In the heart of the Crenshaw District, in South L.A., a community food distribution drive through was held at the Los Angeles Sentinel on Saturday, July 18, 2020 from 9M – Noon, to provide groceries for community members experiencing economic hardship due with the COVID-19 pandemic.
Bakewell Media, Los Angeles Sentinel, Mothers In Action, AFGE, Los Angeles County Federation of Labor, Labor Community Services, the Los Angeles Regional Food Bank, Miguel Contreras Foundation, Teamsters National Black Caucus, Councilmember Herb Wesson of CD 10 and County Supervisor Mark Ridley-Thomas of the 2nd District collaborated to successfully distribute groceries to 2,500 families in Los Angeles and surrounding areas.
The president of American Federation of Government Employees (AFGE), Roslyn Austin-Stewart, mentioned they are striving to make a bigger footprint in South L.A, to let the people know they support the community. “With the positive tests going up (Covid-19), and the community that we have struggling the way we are here in California, we felt that it was a need to contribute that much as well,” she said. According to Austin-Stewart, there are predictions of a second wave of cases, so as long as the people let AFGE know there is a need, the organization is committed to supporting these kinds of causes as much as possible.
The executive editor of the Los Angeles Sentinel, Danny Bakewell, Jr., stated, “As most people know, in South L.A. Black and Brown are disproportionately affected as a result of Covid-19, unemployment and various other things. Anything that we can do to help our community get through these difficult times is necessary, and something that we feel is a responsibility to do.”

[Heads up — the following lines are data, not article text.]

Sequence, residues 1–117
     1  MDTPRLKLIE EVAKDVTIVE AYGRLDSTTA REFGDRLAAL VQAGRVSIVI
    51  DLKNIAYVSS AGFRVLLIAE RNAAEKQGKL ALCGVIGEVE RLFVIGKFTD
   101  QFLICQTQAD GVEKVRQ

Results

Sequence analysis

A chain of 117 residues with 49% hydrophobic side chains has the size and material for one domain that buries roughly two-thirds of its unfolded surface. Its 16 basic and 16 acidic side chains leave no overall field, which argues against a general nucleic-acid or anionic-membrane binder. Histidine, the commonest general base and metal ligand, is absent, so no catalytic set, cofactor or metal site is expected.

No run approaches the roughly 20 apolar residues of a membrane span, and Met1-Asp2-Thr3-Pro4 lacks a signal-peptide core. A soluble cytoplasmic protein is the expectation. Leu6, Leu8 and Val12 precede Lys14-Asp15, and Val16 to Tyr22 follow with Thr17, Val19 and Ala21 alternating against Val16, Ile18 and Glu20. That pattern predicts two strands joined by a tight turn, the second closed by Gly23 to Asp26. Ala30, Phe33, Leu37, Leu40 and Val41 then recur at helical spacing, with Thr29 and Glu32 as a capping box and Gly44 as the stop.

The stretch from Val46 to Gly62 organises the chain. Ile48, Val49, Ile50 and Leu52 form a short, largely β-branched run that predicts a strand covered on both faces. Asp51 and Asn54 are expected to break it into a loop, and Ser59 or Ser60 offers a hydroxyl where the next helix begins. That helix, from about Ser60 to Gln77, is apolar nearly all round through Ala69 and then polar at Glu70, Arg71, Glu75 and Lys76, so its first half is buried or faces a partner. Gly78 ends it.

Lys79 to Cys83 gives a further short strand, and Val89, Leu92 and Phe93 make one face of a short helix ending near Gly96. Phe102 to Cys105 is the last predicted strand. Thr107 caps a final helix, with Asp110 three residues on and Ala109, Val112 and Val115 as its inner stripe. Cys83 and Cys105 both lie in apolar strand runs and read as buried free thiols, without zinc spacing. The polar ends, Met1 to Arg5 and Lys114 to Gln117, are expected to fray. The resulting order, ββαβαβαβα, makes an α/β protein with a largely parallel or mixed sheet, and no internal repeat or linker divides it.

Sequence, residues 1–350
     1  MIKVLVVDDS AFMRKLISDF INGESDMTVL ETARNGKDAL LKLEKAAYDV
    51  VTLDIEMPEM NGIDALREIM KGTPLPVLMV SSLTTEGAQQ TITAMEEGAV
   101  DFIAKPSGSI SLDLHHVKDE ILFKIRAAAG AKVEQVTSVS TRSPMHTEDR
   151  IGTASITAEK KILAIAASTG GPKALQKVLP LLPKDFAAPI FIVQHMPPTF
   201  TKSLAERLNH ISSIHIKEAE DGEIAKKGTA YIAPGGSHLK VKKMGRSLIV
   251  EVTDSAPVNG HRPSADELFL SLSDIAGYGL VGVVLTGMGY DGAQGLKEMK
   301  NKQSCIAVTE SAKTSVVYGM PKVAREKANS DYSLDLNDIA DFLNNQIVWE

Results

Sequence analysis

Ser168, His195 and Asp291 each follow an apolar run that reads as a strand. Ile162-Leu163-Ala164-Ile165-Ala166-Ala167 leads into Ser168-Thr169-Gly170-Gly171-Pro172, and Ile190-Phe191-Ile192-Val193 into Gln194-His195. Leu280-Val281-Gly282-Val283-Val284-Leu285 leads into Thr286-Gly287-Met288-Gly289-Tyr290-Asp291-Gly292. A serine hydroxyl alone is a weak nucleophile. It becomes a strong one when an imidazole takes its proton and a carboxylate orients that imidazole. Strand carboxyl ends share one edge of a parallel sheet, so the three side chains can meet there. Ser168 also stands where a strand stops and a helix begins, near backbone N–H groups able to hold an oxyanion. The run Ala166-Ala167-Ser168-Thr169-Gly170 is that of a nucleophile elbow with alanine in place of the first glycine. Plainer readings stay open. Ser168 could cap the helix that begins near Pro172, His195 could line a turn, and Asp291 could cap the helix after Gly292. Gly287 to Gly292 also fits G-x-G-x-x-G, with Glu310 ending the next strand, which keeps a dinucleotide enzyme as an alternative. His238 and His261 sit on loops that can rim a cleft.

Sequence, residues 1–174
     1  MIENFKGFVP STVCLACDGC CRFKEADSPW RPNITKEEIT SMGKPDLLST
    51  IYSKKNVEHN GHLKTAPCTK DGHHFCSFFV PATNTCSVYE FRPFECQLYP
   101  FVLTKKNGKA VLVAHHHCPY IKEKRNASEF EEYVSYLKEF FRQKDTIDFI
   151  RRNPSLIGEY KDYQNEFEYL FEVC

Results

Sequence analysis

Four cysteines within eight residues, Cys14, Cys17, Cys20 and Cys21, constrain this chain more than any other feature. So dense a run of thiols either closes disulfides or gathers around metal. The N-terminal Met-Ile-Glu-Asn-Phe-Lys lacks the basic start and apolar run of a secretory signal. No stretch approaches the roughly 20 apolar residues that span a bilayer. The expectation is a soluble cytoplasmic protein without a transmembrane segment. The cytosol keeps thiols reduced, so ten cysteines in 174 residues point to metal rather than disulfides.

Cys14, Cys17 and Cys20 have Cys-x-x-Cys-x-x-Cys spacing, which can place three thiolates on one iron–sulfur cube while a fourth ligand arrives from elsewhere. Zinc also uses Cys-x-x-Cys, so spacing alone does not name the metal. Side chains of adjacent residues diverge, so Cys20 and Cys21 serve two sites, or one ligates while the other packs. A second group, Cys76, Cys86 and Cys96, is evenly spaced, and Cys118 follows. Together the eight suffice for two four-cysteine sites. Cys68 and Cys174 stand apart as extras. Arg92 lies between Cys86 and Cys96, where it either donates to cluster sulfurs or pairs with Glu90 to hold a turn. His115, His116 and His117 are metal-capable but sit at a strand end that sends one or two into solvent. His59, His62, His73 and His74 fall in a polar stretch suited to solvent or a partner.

Bakewell, Jr. feels the next step is empowering the community with resources, so they do not have to be codependent on food drives. In order to do that, he continued, “We have to continue to collaborate and work together to set our own course. The support we get from our elected officials like Herb Wesson, Mark Ridley-Thomas, and others, are greatly appreciated, in providing services and resources. We must also support our Black businesses; so that they can grow, so that they can continue to hire and empower residents in our community, so we don’t have to depend upon food giveaways for our survival.”
Yvonne Wheeler, national representative of AFGE District 12, says there is no national leadership at the top, so they had to come together and fill this void. “Right now we are trying to save lives, we are trying to help families that we know are underserved.”
We are in an important time in history, this country, and city where people are struggling. The need to come together could not be more urgent. Councilman Herb J. Wesson said we need to become one family. “Here we are helping out people today, there may be the need for somebody to help us out tomorrow. So that’s the only way we are going to work our way through this situation is to come together as a community and help one another. I just love being out with the folks. It always inspires me when I see other people helping people.”
Councilman Wesson reminds everyone to make sure your friends are who they say they are in times of adversity. “It’s during these difficult times you find out who your friends are, and who your friends are not. So, I’m just impressed with the community, we have come together, we’ve done some remarkable things. Somehow, someway, we will find our way through this. We all have to lock arms and walk our way out of this together.
Supervisor Mark Ridley-Thomas said there is a food scarcity in the black community. “Food insecurity is real. In this moment of pandemic, communities just like the one we’re in right now are in dire need of our support.”